Does a police officer have a duty to confirm there is sufficient probable cause to stop a driver?
That’s the question raised in a motion filed by an assistant public defender on behalf of a Homer woman charged with driving under the influence. However, because the Kenai District Attorney’s office failed to meet a deadline opposing that motion, Judge Margaret Murphy sidestepped a full debate on the issue.
Last month, Murphy granted a motion by public defender Dan Poulson seeking to suppress evidence and dismiss charges against his client, Maria Fourier, 24. Murphy cited Criminal Rule 42(h), a rule that says the court shall rule promptly on all motions and that if no opposition is filed, the court can determine if a party has presented sufficient evidence to get the relief requested. Murphy ordered the suppression of all evidence collected, including field sobriety tests, photographs, reports and breath analysis results.
“This is what happens when you don’t keep your deadline,” Poulson said.
At about 1:05 a.m. on June 29, 2013, Homer Police Sgt. Ryan Browning stopped Fourier in her 1987 Subaru as she drove on Pioneer Avenue. In his report, Browning said Fourier’s brake lights appeared to be stuck. Police can pull over a driver for traffic violations like a broken brake or tail light. Browning turned on his lights and sirens, and Fourier stopped. After the stop, Browning also said the car had a loud exhaust. Browning reported the car’s license plates to dispatch, who said the registration had expired.
In his criminal complaint, Browning said Fourier had an odor of alcohol. He had her perform field sobriety tests, and wrote that she failed some of the tests. Browning alleged Fourier had a preliminary breath test of .10 percent and a DataMaster breath-alcohol test of .12 percent; .08 percent is the amount set by Alaska law for intoxication. Fourier was arrested and taken to the Homer Jail.
In a memorandum supporting his motion to suppress evidence, Poulson said Browning stopped Fourier too quickly. He argued that the officer lacked probable cause to believe her car had an equipment defect. The Subaru’s brake lights worked, and Browning made his judgment too soon, Poulson argued.
“It is not enough for the state to prove that Sgt. Browning was subjectively or honestly mistaken about the condition of Ms. Fourier’s brake lights,” Poulson wrote, citing an Alaska case, State v. Campbell. “For an officer to have probable cause, the officer must have reasonably relied on trustworthy information sufficient to warrant a person of reasonable caution to believe an offense has been or is being committed.”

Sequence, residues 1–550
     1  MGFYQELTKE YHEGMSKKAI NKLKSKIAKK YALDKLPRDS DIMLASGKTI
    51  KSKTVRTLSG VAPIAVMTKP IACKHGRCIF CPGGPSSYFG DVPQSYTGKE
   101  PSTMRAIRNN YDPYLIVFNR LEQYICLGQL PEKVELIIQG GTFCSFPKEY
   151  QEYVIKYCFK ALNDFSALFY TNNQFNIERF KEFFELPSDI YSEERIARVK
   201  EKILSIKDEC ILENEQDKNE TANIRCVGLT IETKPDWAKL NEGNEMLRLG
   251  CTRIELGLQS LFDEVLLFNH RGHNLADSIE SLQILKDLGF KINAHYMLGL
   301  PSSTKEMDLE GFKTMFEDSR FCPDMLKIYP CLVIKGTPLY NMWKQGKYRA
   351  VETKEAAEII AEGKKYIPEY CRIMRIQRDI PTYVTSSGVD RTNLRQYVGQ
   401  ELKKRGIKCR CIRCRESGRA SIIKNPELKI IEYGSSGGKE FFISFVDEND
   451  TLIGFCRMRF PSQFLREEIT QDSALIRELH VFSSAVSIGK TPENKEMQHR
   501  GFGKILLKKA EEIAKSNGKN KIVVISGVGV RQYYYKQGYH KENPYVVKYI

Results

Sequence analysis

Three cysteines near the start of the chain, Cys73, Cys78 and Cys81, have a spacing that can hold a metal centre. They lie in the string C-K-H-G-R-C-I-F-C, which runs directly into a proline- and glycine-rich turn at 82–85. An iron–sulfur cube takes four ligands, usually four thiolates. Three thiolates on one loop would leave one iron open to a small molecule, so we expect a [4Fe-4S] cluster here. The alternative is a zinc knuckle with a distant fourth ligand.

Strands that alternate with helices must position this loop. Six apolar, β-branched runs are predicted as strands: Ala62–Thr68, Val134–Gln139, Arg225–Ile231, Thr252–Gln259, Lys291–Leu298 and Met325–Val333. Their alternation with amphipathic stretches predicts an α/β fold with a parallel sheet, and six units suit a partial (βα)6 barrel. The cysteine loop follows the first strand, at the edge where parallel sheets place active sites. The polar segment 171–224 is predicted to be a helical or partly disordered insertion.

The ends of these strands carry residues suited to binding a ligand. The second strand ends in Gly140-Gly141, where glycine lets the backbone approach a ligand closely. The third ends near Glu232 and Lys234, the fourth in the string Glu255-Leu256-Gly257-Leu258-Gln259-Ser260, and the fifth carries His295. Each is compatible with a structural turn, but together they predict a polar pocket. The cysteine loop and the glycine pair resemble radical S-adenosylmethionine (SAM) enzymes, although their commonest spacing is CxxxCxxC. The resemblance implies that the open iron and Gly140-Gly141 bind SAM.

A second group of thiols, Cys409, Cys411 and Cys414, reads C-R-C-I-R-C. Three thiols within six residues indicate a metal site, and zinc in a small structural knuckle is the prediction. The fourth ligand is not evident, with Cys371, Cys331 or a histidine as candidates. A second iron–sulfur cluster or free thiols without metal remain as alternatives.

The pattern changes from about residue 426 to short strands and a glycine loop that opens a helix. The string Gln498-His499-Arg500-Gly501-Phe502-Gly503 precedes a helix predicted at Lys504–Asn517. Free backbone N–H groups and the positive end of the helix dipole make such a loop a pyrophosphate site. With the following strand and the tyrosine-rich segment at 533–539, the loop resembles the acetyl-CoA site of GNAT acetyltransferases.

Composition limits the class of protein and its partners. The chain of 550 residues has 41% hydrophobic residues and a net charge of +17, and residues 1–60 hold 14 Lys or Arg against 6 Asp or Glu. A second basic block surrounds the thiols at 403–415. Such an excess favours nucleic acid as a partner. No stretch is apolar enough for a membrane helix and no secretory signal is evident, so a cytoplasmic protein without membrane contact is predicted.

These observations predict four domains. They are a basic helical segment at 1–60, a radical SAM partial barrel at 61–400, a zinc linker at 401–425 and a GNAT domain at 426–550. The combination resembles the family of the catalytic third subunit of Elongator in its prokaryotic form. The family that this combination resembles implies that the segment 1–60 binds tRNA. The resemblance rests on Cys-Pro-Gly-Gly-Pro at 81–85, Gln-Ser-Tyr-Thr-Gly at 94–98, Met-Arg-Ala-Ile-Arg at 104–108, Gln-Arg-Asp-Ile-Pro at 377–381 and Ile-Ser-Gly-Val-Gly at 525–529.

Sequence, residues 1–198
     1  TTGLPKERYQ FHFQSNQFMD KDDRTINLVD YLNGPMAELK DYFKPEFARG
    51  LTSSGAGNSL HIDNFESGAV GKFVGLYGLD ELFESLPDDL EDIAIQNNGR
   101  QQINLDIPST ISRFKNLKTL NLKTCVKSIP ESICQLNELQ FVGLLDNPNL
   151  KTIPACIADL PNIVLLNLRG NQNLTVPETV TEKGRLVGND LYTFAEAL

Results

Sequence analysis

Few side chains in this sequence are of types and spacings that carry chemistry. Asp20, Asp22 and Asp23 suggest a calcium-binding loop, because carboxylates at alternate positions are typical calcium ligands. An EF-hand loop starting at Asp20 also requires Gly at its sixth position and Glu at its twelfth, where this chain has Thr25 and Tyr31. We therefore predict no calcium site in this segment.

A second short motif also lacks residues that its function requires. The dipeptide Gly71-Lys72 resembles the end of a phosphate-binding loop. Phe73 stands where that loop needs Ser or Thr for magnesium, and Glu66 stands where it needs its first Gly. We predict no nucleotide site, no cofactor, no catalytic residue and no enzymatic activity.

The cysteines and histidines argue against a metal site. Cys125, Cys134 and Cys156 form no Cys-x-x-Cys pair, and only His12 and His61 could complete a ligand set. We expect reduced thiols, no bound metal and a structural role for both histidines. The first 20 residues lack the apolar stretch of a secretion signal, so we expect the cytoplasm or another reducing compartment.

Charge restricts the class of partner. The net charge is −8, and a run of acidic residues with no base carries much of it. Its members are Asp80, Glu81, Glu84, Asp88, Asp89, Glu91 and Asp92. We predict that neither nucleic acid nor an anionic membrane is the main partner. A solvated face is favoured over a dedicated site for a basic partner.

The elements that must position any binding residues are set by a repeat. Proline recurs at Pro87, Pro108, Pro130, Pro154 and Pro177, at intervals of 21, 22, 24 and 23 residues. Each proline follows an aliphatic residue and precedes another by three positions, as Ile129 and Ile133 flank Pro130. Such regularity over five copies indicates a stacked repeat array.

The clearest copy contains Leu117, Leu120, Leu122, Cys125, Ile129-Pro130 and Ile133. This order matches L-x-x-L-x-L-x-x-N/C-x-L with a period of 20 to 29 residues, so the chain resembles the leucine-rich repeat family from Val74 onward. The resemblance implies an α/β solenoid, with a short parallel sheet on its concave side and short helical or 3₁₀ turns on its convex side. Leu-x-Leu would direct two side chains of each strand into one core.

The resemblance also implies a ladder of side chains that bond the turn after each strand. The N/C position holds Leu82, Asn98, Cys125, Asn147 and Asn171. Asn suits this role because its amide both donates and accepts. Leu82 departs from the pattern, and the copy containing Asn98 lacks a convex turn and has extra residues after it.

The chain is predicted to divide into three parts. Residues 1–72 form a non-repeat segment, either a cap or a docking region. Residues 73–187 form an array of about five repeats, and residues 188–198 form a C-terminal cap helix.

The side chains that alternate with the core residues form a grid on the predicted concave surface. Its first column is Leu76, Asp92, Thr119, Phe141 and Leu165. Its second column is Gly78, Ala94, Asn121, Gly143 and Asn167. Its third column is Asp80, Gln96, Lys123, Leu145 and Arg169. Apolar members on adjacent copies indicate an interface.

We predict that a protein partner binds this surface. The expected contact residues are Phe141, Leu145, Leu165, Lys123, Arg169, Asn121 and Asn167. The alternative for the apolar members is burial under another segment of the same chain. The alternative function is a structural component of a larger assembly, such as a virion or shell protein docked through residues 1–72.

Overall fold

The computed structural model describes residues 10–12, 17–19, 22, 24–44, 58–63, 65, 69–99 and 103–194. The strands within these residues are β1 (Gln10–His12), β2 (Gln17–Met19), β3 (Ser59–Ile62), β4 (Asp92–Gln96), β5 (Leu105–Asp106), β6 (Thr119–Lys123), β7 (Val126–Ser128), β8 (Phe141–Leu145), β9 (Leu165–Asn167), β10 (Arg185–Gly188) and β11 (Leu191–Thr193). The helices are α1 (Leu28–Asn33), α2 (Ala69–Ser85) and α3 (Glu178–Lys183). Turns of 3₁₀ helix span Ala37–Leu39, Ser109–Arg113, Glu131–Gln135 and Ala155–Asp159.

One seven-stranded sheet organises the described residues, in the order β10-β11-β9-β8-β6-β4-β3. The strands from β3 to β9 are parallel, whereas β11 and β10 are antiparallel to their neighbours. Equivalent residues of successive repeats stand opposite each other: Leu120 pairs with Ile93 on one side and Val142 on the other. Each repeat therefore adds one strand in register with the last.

In the Campbell case, a University of Alaska Anchorage police officer stopped a driver because the car did not have headlights on more than 30 minutes after sunset. In fact, the sun had set 15 minutes earlier. The officer based his decision on an error by a dispatcher that sunset had been an hour earlier.
“The Fourth Amendment and the Alaska Constitution require that the officer make reasonable efforts to confirm or allay his suspicions before taking the additional step of initiating a traffic stop,” Poulson wrote. “Because Sgt. Browning was acting without the requisite authority to conduct a traffic stop, the stop and all derivative evidence must be suppressed.”
Police can make traffic stops based on reasonable suspicion of serious criminal activity, Poulson wrote in his memo, but traffic stops for equipment violations require proof that the officer had probable cause to believe that he saw an offense being committed.
“This is what it boils down to,” Poulson said in a phone interview. “A detention is a seizure of a person. The court should not encourage the officer to stop first and then develop probable cause. It’s backward.”
Poulson filed a motion to suppress and dismiss on Dec. 16, he said. Under court rules, the district attorney’s office had 10 days to file an opposition to Poulson’s motion or a request for an extension. On Jan. 14, Murphy notified the district attorney’s office that she intended to rule on Poulson’s motion — in effect, granting them an extension to reply. When the state still didn’t file a motion to oppose, on Jan. 23 Murphy granted Poulson’s motion.
Poulson said the district attorney’s office might file a late motion in opposition, but that if so, he will move to strike the motion. He said it’s rare for a court to dismiss a case because of a failure to comply with a filing deadline. Part of the reason for ruling promptly on motions is that when a defense attorney files a motion, it stops the clock regarding the speedy trial rule, Poulson said.
“You have a right to a speedy trial for a reason,” Poulson said. “People’s lives are put on hold. It’s a deterrent to keep the state on their toes. I think she (Murphy) made the right call.”
Homer Police Chief Mark Robl was offered an opportunity to comment on the case, but he said he would decline comment.
Michael Armstrong can be reached at email@example.com.